What will the climate be like
in the next 100,000 years?
Talk to the Royal Meteorological Society, 19th January, 2000
Why we need to know
What we need to knowTo calculate possible doses incurred by future generations requires modelling of groundwater transport of radionuclides and subsequent likely consumption rates of contaminated food. For this the data required includes:
Scenarios to consider
Between the scenarios the precipitation and sea level change, altering the groundwater flow and thus the time taken for contaminant to reach the surface, and the location where it reaches the biosphere.
How the future has been estimated
Figure 3.8 from: Berger A. and Loutre M. F., 1997 . Climate modelling : the LLN 2-D climate model. In : Glaciation and Hydrogeology. Proceedings of the workshop on the impact of climatic change and glaciarion on rock stresses, groundwater flow and hydrochemistry. Past, present and future. King-Clayton L., Ericsson L.O., Kautsky F. (Eds), SKI, NKS, SKB, Stockholm, 16-19.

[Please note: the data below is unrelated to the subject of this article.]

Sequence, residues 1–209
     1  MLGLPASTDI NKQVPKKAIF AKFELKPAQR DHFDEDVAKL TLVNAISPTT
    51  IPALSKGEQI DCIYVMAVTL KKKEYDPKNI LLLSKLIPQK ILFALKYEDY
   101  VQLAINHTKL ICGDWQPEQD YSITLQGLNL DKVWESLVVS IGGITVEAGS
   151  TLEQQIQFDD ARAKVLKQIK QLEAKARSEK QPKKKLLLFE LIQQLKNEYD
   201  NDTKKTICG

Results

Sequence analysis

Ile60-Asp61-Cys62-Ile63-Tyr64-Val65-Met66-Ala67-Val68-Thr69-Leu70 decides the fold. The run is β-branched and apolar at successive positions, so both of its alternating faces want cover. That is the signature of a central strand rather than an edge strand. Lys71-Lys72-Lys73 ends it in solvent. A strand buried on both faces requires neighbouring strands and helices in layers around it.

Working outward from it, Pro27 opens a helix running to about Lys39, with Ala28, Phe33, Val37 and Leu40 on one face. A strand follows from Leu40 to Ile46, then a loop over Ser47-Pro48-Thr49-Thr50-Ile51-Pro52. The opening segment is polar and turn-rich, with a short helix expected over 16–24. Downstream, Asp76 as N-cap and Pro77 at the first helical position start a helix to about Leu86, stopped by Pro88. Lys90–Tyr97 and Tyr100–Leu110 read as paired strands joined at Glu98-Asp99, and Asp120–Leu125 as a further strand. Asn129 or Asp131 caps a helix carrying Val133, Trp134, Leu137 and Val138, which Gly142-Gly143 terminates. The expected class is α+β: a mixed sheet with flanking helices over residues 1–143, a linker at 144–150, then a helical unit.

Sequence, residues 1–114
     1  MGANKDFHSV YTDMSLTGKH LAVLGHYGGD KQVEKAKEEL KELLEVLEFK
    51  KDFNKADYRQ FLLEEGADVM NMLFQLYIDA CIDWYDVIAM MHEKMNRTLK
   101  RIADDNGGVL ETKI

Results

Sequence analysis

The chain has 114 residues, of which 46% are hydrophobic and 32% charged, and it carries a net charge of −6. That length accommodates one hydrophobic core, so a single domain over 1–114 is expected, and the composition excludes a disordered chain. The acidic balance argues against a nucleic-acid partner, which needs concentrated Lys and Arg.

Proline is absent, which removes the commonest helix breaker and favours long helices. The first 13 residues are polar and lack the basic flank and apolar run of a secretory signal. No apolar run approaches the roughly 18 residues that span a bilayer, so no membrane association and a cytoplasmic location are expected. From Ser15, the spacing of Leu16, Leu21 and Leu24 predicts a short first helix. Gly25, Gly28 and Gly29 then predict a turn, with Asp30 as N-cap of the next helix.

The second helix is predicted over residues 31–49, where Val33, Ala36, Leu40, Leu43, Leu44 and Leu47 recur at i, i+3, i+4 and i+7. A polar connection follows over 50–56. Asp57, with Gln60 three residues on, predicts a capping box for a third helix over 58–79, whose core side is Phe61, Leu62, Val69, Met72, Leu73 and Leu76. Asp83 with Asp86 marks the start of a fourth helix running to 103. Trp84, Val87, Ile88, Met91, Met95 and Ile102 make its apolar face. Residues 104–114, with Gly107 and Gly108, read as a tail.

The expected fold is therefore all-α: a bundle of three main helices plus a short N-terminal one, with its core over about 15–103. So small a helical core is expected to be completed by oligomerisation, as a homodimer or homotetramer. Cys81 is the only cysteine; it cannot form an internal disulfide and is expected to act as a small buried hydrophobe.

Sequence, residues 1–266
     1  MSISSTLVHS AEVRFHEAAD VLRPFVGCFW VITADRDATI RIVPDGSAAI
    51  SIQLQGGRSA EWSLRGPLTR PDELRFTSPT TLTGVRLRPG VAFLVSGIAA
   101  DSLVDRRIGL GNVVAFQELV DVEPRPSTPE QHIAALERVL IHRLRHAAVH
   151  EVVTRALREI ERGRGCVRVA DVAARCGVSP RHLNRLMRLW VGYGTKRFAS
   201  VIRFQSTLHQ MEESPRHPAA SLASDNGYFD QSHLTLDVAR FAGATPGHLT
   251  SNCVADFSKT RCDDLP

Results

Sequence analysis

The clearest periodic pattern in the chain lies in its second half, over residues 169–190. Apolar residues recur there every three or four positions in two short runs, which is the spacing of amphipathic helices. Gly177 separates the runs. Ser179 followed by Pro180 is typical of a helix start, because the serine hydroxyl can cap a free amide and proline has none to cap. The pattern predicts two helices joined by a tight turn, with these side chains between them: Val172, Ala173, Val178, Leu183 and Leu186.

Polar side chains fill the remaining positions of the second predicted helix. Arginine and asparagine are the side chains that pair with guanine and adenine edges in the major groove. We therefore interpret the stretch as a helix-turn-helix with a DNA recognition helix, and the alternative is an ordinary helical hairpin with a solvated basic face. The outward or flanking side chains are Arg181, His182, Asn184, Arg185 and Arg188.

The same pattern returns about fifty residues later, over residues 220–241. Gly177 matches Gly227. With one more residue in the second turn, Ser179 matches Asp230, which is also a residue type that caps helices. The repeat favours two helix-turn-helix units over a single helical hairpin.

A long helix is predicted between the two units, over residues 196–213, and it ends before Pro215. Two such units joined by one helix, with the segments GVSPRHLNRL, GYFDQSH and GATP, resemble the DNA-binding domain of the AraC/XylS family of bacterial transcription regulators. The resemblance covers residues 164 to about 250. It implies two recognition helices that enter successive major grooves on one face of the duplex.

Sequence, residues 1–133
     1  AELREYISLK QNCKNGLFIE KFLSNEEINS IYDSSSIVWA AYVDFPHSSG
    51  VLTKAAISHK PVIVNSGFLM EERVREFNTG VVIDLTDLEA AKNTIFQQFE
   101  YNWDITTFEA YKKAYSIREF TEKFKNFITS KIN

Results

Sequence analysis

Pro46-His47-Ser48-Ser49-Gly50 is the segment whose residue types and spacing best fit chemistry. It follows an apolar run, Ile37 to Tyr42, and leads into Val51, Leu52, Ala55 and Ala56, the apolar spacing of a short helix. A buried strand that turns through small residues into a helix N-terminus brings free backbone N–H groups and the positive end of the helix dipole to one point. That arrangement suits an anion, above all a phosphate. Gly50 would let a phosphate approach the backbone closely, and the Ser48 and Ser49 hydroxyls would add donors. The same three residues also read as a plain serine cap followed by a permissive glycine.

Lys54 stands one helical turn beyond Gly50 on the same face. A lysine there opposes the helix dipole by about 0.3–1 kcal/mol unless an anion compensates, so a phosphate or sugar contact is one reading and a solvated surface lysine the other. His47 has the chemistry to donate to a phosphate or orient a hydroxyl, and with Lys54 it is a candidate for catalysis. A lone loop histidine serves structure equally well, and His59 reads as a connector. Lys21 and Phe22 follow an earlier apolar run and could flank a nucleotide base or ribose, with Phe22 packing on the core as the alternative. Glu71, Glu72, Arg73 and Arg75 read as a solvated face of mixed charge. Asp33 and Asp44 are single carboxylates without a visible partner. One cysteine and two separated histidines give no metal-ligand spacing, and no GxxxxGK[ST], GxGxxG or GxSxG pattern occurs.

The Figure is Berger et al's LLN 2D climate model of Northern Hemisphere ice volumes of the last 200 000 years and 130 000 years into the future based on the natural CO2 concentration of Jouzel et al (1993) and a present day Greenland ice sheet compared to three alternative scenarios: (i) the Greenland ice sheet is assumed to be totally melted but the natural CO2 concentration is used (dotted line); (ii) starting with the present day Greenland ice sheet, but with a high level C02 scenario (IPCC S75, dashed line); (iii) starting with the present day Greenland ice sheet, but with a low level C02 scenario (IPCC S55, longer dashed line). From Berger, Loutre & Gallee (1996).
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